High water pressure help

dolloDecember 3, 2010

I have lived in this house for 10 years. The toilet gizmo, in the tanks, do not seem to last very long before leaking and just running. I think I have high water pressure so I got a gauge that goes to 300 psi. Two of my hose bibs have pressure regulators on the end, the one that does not. Says my pressure is 125 psi. I had some one flush a toilet and the pressure went down to 50, until the toilet stopped filling up.

Can I really have pressure that high without the pipes breaking? What should I do? Might the gauge be broken? What made me start thinking my pressure was too high was when one of the toilets that has never been a problem started to just run and run but would stop if the water was turned on in a nearby sink or shower, but would start running again when the sink was turned off.

Any hints or ideas?

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asolo

Don't quite get pressure regulators on hose bibs and a couple other things you said, but......

Assuming you have, indeed, attached somewhere in your line a water-pressure gauge that is reading 125psi, that is too high and you're going to be having problems -- if you haven't had them already. You are right to be concerned about this pressure reading. Your static household water pressure should be, maybe, 60-65 psi. Believe code maximum is something like 80. The fact that your pressure reading is seen to decrease when you flush or open a spigot is typical. Don't worry about that.

Assume you have city water supply. If so, I'll further assume there is a pressure-reducing valve attached to that supply-line just downstream of the meter. That PRV has failed and will need to be replaced. This is not complicated but will probably cost a couple hundred dollars to have somebody do it. It will be your responsibility as homeowner to take care of it. However, it should be undertaken at the earliest possible moment -- like today, right now. It is very important. Your household plumbing will not endure 125psi for long without giving you trouble.....likely expensive trouble.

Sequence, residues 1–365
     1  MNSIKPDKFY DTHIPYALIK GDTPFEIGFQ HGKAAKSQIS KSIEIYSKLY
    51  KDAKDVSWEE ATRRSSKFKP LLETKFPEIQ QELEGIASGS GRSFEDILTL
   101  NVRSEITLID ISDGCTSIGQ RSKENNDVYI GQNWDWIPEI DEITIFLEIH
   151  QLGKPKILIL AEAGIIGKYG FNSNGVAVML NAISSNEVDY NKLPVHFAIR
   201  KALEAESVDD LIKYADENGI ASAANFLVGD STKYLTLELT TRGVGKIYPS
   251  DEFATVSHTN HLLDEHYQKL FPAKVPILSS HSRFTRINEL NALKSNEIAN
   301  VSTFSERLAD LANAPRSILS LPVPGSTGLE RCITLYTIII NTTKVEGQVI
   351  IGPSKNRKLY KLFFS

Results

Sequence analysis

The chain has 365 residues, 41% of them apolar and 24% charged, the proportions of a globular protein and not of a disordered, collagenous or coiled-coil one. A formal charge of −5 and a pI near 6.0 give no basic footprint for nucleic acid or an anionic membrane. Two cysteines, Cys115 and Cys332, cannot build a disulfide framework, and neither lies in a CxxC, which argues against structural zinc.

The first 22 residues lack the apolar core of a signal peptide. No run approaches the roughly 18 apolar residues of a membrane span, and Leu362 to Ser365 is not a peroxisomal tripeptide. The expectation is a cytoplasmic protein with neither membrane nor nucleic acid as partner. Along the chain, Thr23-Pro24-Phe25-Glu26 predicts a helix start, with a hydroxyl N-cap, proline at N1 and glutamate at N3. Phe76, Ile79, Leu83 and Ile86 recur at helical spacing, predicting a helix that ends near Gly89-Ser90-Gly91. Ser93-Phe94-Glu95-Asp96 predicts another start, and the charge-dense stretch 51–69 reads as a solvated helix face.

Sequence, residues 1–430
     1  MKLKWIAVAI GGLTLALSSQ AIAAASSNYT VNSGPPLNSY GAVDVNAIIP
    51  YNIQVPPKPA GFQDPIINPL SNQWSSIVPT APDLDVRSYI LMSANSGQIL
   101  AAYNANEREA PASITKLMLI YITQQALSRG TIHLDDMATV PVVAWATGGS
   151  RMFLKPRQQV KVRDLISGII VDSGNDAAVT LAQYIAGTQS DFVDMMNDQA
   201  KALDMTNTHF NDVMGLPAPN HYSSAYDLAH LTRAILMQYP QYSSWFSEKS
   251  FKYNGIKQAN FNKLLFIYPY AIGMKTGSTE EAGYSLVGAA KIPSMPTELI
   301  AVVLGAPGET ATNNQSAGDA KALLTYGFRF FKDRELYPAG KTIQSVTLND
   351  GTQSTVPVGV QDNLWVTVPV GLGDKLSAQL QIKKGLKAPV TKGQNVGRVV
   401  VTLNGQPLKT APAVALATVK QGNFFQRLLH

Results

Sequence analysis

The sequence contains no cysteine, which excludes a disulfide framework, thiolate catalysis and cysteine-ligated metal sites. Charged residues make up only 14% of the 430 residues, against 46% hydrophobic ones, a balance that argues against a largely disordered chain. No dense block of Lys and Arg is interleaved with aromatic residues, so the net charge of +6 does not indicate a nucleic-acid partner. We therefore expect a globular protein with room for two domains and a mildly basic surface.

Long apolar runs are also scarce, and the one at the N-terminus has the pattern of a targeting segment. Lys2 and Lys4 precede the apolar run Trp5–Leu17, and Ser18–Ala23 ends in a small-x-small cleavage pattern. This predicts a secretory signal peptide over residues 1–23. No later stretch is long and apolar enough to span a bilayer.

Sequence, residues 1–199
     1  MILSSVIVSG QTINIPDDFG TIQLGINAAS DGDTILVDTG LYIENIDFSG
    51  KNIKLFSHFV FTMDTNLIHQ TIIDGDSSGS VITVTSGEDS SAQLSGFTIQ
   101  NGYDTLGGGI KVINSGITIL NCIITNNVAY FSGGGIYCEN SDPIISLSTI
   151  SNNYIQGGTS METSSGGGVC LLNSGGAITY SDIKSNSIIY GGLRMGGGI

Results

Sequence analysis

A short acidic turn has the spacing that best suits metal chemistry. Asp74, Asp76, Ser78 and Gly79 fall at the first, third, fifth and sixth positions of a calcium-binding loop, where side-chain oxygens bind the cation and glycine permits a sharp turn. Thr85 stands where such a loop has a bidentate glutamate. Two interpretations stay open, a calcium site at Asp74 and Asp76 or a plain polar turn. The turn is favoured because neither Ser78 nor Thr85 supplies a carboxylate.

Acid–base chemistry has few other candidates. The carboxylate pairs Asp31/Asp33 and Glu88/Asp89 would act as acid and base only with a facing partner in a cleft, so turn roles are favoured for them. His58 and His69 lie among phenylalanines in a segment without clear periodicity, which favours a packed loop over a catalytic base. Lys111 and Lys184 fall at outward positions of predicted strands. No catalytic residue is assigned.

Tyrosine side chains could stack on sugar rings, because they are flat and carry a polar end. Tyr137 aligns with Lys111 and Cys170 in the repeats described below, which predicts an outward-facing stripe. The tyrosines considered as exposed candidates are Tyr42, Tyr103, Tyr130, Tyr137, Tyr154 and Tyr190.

If I'm wrong about that and you're on a well, that's a whole different set of considerations. Please advise.

    Bookmark   December 3, 2010 at 6:12AM
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justalurker

There is a possibility that the water utility has made a change and your house now has a closed plumbing system where it didn't before.

The symptoms would be as you described. Your static pressure of 125 psi is VERY high (80 psi is code limit and 60-65 psi is common) and opening any faucet will drop to dynamic pressure.

The remedy would be to install a PRV (pressure reducing valve) at the water service inlet and a Thermal Expansion Tank at the cold inlet to your water heater.

If you already had a closed plumbing system then either your PRV has failed or your Thermal Expansion Tank (if you have one and you should) has failed or both have failed.

You should get this attended to RIGHT NOW as sustained exposure to extraordinarily high water pressure can damage pipes, fixtures, WHer, and appliances.

Don't waste time on the internet... call a plumber.

    Bookmark   December 3, 2010 at 1:40PM
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alan_s_thefirst

II discovered my pressure regulator had failed when I was trying to find out why warm water was leaching across to the cold pipes, and discovered my water pressure was over 130psi.

II didn't have any pipe issues but my water heater failed prematurely.

This certainly is something you should deal with urgently. If you already have a pressure regulator, with a bit of luck it can be removed and replaced with hand tools, and not soldering if you have copper pipe. I made sure mine had bolt on type fittings.

There are also overhaul kits for PRVs but my local box store didn't have one, and it was late Sunday afternoon so I just bought a new regulator - cost me around CDN$65.

    Bookmark   December 7, 2010 at 3:24AM
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